The Safety of Magnesium Supplements

by Rae Uddin

About Rae Uddin

Rae Uddin has worked as a freelance writer and editor since 2004. She specializes in scientific journalism and medical and technical writing. Her work has appeared in various online publications. Uddin earned her Master of Science in integrated biomedical sciences with an emphasis in molecular and cellular biochemistry from the University of Kentucky College of Medicine.

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Magnesium is a dietary mineral your body uses to maintain a variety of functions, including heart rate contraction, bone development and immune system, muscle and nerve function. Each day, adults should consume between 310 and 420 milligrams of magnesium. Though it's best to get your daily dose of this nutrient from a healthy diet of magnesium-rich foods, such as halibut, almonds, soybeans and spinach, taking magnesium supplements may help you reach the recommended intake of this mineral. Talk with your medical provider about the safety of magnesium supplements before beginning treatment.

Adverse Effects

When used as directed, magnesium supplements typically do not cause side effects. However, some people experience mild stomach upset, nausea or vomiting after taking a dose of magnesium, and these supplements may also irritate your intestinal tract and cause diarrhea, appetite loss, abdominal cramping or bloating. If you experience recurrent bouts of diarrhea, you could become dehydrated. Contact your doctor for further evaluation and care if these side effects persist or become severe.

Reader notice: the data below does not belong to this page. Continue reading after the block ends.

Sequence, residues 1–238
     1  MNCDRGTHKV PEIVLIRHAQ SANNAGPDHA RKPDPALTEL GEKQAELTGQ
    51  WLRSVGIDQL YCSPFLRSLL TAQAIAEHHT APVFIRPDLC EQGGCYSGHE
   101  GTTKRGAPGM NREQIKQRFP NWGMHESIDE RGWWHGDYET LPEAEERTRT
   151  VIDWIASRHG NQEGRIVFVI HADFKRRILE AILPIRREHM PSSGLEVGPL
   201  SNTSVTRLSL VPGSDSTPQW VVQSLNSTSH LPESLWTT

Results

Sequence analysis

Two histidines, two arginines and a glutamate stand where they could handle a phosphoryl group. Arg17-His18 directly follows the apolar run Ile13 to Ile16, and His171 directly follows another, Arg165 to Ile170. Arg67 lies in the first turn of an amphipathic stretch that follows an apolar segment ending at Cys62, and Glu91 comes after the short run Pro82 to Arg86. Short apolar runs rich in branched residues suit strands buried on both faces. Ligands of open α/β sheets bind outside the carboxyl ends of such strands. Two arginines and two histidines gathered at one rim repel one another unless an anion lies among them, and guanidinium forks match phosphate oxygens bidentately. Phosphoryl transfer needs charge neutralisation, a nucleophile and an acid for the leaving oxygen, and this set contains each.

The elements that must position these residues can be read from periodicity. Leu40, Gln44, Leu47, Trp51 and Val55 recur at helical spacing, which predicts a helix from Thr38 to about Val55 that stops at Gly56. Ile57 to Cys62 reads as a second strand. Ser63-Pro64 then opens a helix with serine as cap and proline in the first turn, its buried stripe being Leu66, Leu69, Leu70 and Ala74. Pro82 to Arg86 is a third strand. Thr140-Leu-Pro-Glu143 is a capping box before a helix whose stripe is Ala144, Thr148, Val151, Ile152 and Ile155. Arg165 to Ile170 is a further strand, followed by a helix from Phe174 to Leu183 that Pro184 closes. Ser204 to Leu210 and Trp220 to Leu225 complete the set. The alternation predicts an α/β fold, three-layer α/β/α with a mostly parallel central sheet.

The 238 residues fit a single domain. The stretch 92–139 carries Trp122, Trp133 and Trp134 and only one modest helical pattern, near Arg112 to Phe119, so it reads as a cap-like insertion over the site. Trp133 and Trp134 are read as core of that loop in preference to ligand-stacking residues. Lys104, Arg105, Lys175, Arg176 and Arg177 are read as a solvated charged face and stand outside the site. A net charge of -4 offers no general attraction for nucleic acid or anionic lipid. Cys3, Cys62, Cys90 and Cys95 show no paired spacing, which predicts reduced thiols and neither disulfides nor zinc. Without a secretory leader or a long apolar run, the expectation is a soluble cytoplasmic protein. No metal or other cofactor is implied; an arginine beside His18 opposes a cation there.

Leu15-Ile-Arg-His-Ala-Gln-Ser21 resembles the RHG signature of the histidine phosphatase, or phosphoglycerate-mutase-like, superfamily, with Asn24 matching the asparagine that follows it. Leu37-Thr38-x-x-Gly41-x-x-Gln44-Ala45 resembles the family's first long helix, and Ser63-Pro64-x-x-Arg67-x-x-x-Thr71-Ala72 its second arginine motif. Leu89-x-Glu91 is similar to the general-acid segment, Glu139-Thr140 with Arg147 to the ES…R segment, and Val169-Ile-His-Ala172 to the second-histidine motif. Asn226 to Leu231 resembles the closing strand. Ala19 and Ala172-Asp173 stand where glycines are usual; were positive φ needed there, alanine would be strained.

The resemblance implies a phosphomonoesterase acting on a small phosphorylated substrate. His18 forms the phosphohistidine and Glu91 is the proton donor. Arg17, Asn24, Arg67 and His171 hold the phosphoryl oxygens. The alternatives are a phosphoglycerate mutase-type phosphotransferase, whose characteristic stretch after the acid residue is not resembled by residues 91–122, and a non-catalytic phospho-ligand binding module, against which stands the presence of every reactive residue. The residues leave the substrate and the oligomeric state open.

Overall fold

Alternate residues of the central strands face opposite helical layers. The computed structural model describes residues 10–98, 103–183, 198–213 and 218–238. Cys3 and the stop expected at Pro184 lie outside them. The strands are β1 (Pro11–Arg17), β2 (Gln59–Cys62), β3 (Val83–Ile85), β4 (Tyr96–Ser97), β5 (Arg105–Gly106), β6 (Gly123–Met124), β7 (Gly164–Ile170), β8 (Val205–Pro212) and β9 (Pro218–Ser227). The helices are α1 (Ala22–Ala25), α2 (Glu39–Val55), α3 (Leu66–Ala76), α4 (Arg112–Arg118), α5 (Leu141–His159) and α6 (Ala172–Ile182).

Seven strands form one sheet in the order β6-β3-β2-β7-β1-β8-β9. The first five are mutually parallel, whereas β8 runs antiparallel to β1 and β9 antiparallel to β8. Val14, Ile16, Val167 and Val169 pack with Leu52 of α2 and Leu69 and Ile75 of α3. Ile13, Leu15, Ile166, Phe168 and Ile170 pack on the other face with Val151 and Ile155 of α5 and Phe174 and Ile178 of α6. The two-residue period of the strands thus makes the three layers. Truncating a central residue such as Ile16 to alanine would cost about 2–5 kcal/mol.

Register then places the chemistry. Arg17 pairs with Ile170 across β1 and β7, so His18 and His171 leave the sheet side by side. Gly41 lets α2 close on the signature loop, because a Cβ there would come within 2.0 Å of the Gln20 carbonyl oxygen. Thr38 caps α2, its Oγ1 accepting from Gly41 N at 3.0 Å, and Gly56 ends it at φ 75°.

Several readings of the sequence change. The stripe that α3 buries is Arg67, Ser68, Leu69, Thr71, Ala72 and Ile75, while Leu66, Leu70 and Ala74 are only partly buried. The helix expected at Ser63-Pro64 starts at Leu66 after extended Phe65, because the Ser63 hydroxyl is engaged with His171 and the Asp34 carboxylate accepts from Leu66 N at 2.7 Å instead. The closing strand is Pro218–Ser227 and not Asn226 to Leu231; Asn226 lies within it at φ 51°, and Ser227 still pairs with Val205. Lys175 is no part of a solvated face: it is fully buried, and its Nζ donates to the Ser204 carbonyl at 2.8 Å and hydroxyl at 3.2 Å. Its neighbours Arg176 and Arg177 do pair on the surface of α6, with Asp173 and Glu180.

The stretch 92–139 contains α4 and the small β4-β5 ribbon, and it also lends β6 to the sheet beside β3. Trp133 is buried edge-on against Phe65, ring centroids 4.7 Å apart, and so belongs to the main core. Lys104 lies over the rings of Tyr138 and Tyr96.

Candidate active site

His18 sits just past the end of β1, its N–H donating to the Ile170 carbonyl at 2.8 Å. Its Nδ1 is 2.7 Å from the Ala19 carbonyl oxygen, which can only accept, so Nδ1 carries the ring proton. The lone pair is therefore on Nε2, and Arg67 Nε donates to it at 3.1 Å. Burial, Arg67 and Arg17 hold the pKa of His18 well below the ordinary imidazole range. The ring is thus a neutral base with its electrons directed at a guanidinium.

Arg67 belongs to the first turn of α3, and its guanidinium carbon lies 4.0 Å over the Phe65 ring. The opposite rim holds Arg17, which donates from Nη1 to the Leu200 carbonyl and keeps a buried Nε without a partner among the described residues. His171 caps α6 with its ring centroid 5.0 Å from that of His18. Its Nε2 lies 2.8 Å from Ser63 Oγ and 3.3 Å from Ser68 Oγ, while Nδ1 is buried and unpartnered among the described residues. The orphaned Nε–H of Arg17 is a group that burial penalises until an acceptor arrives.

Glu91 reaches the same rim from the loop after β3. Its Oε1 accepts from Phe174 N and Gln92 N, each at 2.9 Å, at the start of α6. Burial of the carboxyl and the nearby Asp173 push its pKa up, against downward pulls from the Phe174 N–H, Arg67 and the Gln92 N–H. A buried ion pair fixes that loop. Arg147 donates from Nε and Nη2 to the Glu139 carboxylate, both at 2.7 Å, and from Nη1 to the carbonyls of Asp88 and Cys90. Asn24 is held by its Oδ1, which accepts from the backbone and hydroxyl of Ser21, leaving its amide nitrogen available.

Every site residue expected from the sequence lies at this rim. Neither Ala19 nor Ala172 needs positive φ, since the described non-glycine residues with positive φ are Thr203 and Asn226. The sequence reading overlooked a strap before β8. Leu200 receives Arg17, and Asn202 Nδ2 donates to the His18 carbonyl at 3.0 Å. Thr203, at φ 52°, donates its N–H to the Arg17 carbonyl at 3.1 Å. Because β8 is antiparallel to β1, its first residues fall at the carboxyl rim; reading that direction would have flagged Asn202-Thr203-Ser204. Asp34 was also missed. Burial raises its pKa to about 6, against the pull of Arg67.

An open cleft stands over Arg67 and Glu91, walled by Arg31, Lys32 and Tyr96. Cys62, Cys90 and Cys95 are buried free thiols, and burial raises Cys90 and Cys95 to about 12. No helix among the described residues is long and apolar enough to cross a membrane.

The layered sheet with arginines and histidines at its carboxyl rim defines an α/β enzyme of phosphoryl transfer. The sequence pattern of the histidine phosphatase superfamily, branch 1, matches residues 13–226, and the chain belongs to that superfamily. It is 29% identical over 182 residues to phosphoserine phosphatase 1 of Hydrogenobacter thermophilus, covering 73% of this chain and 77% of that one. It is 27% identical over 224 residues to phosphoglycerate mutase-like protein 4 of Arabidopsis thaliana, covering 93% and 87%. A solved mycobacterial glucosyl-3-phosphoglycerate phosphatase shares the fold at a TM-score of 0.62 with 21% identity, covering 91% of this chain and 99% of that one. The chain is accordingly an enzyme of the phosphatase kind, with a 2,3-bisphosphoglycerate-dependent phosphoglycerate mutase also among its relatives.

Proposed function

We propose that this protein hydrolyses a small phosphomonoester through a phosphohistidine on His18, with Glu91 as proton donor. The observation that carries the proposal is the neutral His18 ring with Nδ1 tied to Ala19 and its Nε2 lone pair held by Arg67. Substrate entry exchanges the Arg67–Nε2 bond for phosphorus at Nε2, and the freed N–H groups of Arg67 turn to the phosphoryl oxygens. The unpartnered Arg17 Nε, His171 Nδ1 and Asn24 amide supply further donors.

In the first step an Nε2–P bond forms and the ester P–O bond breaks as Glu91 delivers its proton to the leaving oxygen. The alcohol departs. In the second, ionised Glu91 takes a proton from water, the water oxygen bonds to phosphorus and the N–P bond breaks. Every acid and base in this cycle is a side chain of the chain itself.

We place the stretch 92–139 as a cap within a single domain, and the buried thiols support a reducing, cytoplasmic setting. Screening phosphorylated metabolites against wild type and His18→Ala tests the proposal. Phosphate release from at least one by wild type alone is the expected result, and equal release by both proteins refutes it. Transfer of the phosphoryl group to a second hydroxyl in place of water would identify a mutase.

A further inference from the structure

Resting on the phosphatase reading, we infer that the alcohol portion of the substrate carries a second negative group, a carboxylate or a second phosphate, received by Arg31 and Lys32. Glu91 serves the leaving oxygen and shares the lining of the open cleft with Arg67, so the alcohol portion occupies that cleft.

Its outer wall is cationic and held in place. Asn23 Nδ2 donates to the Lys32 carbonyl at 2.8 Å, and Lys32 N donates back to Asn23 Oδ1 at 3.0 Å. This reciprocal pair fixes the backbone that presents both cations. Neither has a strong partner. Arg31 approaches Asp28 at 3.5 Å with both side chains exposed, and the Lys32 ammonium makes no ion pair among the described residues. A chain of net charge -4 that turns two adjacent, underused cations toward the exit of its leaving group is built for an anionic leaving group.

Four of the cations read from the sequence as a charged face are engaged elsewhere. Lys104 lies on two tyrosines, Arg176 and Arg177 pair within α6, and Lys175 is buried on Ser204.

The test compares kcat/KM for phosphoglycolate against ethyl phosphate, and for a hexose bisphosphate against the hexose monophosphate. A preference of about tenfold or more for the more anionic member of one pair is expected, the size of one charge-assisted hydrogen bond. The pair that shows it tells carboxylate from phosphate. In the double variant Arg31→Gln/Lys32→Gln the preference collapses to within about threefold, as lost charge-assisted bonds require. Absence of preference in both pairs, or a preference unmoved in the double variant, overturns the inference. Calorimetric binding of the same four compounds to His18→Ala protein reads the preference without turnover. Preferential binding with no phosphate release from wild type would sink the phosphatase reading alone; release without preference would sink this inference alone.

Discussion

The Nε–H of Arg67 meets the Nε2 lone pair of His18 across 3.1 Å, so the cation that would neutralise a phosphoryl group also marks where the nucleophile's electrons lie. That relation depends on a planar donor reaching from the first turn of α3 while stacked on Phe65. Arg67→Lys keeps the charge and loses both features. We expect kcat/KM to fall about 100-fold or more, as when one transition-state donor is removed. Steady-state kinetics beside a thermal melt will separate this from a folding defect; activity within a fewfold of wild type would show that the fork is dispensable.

Overdose

Taking more than the recommended dose of magnesium may result in adverse effects. High blood levels of magnesium can cause overdose symptoms include vomiting, reduced heart rate, confusion, dizziness, blurred vision, difficulty breathing, low blood pressure and coma. In the absence of prompt medical intervention, a magnesium overdose may cause fatal health complications. Seek emergency medical care if you believe you've taken too much magnesium or if you exhibit any symptoms of overdose.

Drug Interactions

Let your medical provider know if you are taking any other drug or supplement before you begin treatment with magnesium. Using magnesium supplements at the same time as certain antibiotics, including doxycycline, minocycline, ciprofloxacin and tetracycline, should be avoided because the extra magnesium may make it harder for your body to absorb the antibiotic. Taking magnesium together with calcium channel blockers or blood pressure medications may increase your risk of experiencing side effects, including dizziness or nausea. Magnesium may also reduce the effectiveness of other medications, including tiludronate, alendronate and levothyroxine.

Contraindications

Magnesium supplements may not be appropriate for people with certain health conditions, including a personal history of kidney or heart disease, so do not use these supplements without first consulting your doctor. If you have impaired kidney function, you may not be able to clear excess magnesium efficiently from the body, increasing the risk for magnesium toxicity.

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This article reflects the views of the writer and does not necessarily reflect the views of Jillian Michaels or JillianMichaels.com.